CHHS Director Michael Greenberger, JD, joined CHHS Health Director Marita Mike, MD, JD; Professor Diane Hoffmann, JD, MS, director of the Law & Health Care Program at the University of Maryland School of Law; and Professor Wilbur Chen, MD, MS, from the University of Maryland School of Medicine Center for Vaccine Development, for "Adapting to New Threats: H1N1 Flu and You" on Sept. 16, 2009.
Governor Martin O'Malley announces the creation of the Maryland Civic Guard for Emergency Preparedness during his keynote address at the Maryland Meta-Leadership Summit on July 16, 2009. CHHS and the Maryland Emergency Management Agency (MEMA) will play a critical role in the Civic Guard initiative. Video courtesy of the CDC Foundation.
Author(s):Jillian A. Williams, JDAileen B. Xenakis, JDAs emergencies consistently overwhelm the resources of the jurisdictions they affect, the emergency management community responds with legislation enacting programs to send aid more efficiently, including the Emergency Management Assistance Compact (EMAC). Correspondingly, emergency management technology develops to meet the field’s evolving needs. The Office of the National Capital Region Coordination (ONCRC) finds that the technology behind First Responder Authentication Credentials, or FRAC cards, will supplement the EMAC program by providing the trust framework that will enable identity and typing to be electronically verified to one individual issued from an authoritative source. It puts ...Read More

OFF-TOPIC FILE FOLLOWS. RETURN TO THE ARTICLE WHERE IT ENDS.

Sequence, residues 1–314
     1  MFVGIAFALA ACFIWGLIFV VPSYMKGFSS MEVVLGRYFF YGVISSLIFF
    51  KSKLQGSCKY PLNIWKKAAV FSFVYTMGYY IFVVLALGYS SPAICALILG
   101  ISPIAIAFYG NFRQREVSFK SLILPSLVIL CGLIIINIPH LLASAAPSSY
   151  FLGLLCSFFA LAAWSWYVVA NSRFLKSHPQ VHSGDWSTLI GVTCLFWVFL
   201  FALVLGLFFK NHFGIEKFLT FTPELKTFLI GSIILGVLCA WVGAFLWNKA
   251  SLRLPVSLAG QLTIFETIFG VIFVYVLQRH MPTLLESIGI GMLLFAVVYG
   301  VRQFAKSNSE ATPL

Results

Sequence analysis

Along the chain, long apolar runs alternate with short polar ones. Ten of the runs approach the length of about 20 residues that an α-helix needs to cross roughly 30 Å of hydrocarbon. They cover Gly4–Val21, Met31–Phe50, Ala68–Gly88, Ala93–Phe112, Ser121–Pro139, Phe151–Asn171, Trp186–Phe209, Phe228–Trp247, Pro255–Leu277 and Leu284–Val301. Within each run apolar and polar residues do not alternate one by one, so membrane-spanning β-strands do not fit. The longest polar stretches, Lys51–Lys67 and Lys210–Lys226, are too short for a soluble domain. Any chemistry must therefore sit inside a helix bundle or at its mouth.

The University of Maryland Center for Health and Homeland Security teaches a DHS COOP course at the Maryland Emergency Management Agency (MEMA). First responders from across the state of Maryland attended the course, which was delivered by CHHS Staff Attorney Mike Vesely and CHHS Policy Analyst Eric Oddo from July 21-23, 2009.
CHHS provided COOP (Continuity of Operations) training for first-responders in Los Angeles in August 2008.
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Author(s):Jessica P. George, JDJessica L. HurstThis article discusses the paradigm shift that is taking place in emergency management planning with regard to the integration of faith-based organizations in federal, state, and local preparedness, response, and recovery efforts. In addition, this article explores potential legal issues related to government funding and support of faith-based emergency planning initiatives. Finally, the article proposes recommendations for initiating and expanding emergency planning among faith-based organizations to fully utilize the unique knowledge these groups have of the needs of their communities. This article was published in the May/June 2009 issue of the Journal of Emergency ManagementJEM-7-3-01.pdf